Tuesday, July 17, 2018

The 'Summer Slide' myth

Testing companies continue to perpetuate the myth of the so-called "summer learning gap", where children supposedly forget most of what they learned in the classroom in a matter of a few weeks of vacation. If this were true, it would speak more to an irrelevant school curriculum than anything else. But it's not true.

According to an article by Sarah Shupe in today's Edweek, 
...what students forget over the summer becomes more damaging over time as students make less progress during the school year, according to an ongoing study by NWEA, the Northwest Evaluation Association.
"As kids grow less and less during the school years, they are still seeing the same summer drop—so they are losing proportionately more," said Megan Kuhfeld, a research scientist at NWEA and the author of the study.
According to this theory, kids grow dummer and dummer as they progress through school and therefore can ill-afford to spend more time playing and with their friends and families.

NWEA tracked the reading and math test scores of students grades 3 to 6, and nearly 40,000 students from grades 5 to 8 in an "unnamed southern state" and concluded that the more time they spent with family, fishing, working, at summer camp, hanging out with friends -- or whatever students do on vacation in this southern state -- the less bright they got.

Not only that, but things got worse as the kids grew older.
On average, students lost about 2 points out of a possible 250 each summer in reading, and a little more than 4 points each summer in math. But as the charts below show, students gain less during each school year as they grow. 
In other words, hardly anything measurable that was being taught in their schools lasted in children's consciousness for more than a few weeks. This generates an obvious call for perpetual schooling and even more standardized testing.

But it should be even more obvious to the evaluators that students continue learning during the summer, the same way that they learned before they were in school, experientially and largely through play. How well they learn depends on what kind of learning and play experiences are available to them in their family and community life. But that's true within school as well.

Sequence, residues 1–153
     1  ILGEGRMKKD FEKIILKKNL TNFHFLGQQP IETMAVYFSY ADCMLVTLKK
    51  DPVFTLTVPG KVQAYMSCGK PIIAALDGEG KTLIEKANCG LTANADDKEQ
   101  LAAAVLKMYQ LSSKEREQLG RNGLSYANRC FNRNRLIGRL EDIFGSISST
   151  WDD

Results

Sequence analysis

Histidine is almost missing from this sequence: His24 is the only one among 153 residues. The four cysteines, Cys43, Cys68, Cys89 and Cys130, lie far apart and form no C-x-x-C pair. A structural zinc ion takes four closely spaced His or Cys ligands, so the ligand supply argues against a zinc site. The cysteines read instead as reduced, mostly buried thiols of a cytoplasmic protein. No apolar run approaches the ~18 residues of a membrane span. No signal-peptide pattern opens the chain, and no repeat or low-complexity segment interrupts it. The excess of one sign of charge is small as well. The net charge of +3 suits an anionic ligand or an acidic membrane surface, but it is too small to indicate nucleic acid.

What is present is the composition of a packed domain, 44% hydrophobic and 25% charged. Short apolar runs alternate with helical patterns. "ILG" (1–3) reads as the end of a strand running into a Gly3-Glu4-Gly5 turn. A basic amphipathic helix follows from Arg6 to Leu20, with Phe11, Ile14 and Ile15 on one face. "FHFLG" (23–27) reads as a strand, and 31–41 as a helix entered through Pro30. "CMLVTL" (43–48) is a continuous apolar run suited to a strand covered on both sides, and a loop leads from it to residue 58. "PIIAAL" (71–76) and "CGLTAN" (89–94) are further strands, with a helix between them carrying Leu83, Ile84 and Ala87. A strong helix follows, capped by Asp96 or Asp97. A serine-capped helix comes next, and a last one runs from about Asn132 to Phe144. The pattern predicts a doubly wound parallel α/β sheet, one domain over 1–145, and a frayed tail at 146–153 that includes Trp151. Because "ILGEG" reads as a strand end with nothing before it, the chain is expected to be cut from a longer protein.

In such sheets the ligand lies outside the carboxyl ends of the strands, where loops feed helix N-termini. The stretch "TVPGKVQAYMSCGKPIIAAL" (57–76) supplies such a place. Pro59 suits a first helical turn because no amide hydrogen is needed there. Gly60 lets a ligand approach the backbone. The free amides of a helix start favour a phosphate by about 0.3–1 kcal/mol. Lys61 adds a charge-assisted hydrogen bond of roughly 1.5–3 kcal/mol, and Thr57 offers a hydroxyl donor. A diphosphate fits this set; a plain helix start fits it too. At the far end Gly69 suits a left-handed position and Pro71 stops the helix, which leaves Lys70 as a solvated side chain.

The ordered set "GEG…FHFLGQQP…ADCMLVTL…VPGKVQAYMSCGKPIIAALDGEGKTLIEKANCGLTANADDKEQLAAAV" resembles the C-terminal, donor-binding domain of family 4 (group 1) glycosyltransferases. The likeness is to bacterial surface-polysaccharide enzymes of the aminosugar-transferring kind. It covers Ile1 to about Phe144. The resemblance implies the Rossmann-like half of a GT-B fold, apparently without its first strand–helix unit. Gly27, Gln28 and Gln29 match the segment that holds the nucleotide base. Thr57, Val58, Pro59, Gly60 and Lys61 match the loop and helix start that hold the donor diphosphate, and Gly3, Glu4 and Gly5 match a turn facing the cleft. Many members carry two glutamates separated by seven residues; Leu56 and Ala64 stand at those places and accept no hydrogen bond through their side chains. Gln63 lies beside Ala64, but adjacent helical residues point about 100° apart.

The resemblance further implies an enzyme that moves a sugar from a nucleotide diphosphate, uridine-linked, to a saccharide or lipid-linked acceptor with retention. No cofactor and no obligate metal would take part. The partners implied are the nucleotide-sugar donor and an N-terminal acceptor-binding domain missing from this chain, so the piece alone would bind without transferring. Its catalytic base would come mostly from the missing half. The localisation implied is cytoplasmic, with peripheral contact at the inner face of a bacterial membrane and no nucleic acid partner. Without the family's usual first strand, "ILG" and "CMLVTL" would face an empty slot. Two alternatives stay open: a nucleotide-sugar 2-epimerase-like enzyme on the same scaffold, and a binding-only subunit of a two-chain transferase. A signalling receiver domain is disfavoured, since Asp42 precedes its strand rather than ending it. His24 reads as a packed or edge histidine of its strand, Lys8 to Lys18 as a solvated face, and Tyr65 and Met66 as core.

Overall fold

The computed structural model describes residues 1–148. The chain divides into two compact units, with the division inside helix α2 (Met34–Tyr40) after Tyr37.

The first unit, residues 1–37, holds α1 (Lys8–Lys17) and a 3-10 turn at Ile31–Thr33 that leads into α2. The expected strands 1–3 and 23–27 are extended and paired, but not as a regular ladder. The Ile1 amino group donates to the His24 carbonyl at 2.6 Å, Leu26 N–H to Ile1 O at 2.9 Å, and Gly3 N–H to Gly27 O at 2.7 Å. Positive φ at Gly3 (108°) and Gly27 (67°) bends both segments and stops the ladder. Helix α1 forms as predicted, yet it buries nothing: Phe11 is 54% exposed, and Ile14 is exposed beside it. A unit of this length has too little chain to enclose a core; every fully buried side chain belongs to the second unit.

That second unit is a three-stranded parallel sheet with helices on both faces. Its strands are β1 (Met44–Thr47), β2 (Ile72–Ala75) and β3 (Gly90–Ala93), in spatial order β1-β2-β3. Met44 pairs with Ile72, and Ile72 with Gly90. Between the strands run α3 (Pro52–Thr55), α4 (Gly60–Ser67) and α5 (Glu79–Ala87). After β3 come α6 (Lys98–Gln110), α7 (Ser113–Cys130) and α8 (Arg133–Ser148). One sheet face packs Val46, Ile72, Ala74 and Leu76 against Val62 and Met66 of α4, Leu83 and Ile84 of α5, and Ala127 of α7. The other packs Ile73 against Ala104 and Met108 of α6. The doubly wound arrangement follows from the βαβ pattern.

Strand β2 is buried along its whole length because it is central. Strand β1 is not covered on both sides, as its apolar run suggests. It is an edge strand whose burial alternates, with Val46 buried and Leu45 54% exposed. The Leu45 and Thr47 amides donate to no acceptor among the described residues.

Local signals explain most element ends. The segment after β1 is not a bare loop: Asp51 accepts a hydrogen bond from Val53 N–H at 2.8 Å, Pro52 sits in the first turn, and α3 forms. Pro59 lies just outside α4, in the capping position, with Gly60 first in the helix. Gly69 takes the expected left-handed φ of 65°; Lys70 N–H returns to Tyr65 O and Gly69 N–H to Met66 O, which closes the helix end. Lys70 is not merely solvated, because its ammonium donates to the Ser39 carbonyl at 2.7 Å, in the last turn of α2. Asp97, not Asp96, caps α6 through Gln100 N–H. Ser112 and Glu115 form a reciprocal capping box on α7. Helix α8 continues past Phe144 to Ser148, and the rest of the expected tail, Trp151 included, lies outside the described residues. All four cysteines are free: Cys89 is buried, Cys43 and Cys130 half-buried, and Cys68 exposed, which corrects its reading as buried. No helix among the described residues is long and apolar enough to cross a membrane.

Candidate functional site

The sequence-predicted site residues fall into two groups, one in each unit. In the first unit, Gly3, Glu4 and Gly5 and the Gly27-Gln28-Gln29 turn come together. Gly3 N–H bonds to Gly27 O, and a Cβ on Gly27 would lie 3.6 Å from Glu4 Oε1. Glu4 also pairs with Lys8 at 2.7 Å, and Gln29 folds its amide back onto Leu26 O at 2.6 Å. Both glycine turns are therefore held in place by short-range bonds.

Authentic learning is deep and enduring. It goes on all the time, all year round, including summer. Perhaps especially in summer. If children lose academic skills over the few weeks of summer, then did they really ever learn those skills?

Then there's the question what's tested, what's not tested, and how real learning is measured. Reading and math scores are but one small indicator.

All this leaves open the question of what happens when these kids graduate, become adults and spend the rest of their lives forgetting how to solve a quadratic equation, the shape of states on the map, or the color of Laura Ingalls dress. Do we call that the life slide? Hopefully, what stays with them are critical thinking and life skills, habits of the mind and body.

I think it was Albert Einstein who first said it: "Education is what remains after one has forgotten everything he learned in school?"

Sunday, July 15, 2018

'Who do you serve? Who do you protect?': The Killing of Snoop the Barber

Officers assigned to a foot assignment observe "a man exhibiting characteristics of an armed person".  -- Anthony Guglielmi, the Chicago Police Department’s chief communications officer
It's hard to say what it is that will finally push a community to the breaking point. I lived in L.A. in 1965 when the Watts riots (rebellion) began as a reaction to a police assault on a black motorist pulled over for a traffic violation. LAPD needed help from 4,000 members of the National Guard to quell the uprising. By the time the smoke cleared they counted 34 deaths and over $40 million in property damage.

In '68 it was the assassination of Dr. King in Memphis.

1992 brought the Rodney King riots.